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The Bee Hunters Of Massachusetts10:17
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A bee lands on a marigold. (JDBaskin/Flickr)
A bee lands on a marigold. (JDBaskin/Flickr)
This article is more than 4 years old.
Thomas Seeley's "Following The Wild Bees." (Courtesy Princeton University Press)
Thomas Seeley's "Following The Wild Bees." (Courtesy Princeton University Press)

The practice of tracking bees to their hive, known as bee hunting, goes all the way back to Rome, 1000 AD. Surprisingly, the practice also has a long history in Massachusetts.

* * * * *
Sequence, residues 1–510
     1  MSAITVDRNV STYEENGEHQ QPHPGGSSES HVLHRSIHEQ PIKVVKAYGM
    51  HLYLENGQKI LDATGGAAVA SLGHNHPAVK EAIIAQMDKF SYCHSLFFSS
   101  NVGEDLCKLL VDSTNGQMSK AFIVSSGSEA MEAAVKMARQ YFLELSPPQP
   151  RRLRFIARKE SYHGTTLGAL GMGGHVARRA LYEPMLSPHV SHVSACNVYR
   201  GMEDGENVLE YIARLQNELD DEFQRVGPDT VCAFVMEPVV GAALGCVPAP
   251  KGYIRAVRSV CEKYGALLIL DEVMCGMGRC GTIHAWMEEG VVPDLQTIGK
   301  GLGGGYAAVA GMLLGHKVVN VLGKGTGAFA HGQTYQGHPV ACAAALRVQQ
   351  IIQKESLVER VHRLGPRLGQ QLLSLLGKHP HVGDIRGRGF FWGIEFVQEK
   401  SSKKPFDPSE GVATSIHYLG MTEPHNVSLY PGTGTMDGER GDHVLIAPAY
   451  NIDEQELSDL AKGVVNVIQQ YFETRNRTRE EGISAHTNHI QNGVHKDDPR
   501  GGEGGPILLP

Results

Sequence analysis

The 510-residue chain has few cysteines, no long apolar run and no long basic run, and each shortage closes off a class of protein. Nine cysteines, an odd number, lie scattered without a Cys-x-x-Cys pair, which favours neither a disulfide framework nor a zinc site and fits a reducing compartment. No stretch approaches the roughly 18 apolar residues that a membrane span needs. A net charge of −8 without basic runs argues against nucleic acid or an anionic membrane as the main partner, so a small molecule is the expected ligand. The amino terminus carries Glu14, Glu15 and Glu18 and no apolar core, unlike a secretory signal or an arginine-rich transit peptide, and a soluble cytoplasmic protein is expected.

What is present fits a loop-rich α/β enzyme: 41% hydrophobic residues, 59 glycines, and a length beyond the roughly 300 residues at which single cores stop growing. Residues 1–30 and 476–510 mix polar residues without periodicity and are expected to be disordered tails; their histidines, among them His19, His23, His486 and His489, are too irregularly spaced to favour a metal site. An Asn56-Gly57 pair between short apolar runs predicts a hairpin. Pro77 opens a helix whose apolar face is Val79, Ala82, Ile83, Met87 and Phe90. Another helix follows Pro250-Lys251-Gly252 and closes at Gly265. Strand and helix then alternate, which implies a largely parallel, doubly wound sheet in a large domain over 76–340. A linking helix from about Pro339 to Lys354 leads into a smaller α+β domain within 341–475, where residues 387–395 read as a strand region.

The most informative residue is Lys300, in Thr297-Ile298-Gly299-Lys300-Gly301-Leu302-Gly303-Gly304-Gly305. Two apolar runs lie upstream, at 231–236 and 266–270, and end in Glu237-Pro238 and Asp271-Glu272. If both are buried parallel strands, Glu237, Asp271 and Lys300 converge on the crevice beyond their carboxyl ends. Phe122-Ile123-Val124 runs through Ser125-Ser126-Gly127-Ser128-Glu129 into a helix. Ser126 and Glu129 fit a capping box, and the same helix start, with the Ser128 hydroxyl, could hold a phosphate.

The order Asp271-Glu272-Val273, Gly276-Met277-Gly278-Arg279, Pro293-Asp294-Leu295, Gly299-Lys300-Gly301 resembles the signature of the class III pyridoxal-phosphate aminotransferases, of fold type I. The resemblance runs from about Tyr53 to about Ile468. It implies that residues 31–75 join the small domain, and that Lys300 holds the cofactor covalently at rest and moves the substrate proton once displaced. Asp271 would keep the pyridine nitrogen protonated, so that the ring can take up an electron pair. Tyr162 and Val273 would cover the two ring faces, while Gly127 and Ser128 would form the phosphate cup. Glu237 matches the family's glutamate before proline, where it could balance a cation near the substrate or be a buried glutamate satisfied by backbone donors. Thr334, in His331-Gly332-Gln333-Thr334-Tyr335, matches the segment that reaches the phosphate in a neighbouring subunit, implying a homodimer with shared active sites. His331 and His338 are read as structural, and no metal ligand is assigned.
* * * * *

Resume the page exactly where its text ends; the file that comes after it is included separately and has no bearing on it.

"Hunting," can be misleading, as most hunters don't harm the bees they catch. Instead, they release them to follow the bees back to their hive. Bee hunters take pleasure in the puzzle of finding a bee's home. We talk about how our own backyard has been home to some of the greatest hunts.

Guest

Thomas D. Seeley, author of "Following The Wild Bees: The Craft and Science of Bee Hunting" and professor of biology at Cornell University, which tweets @Cornell.

This segment aired on August 1, 2016.

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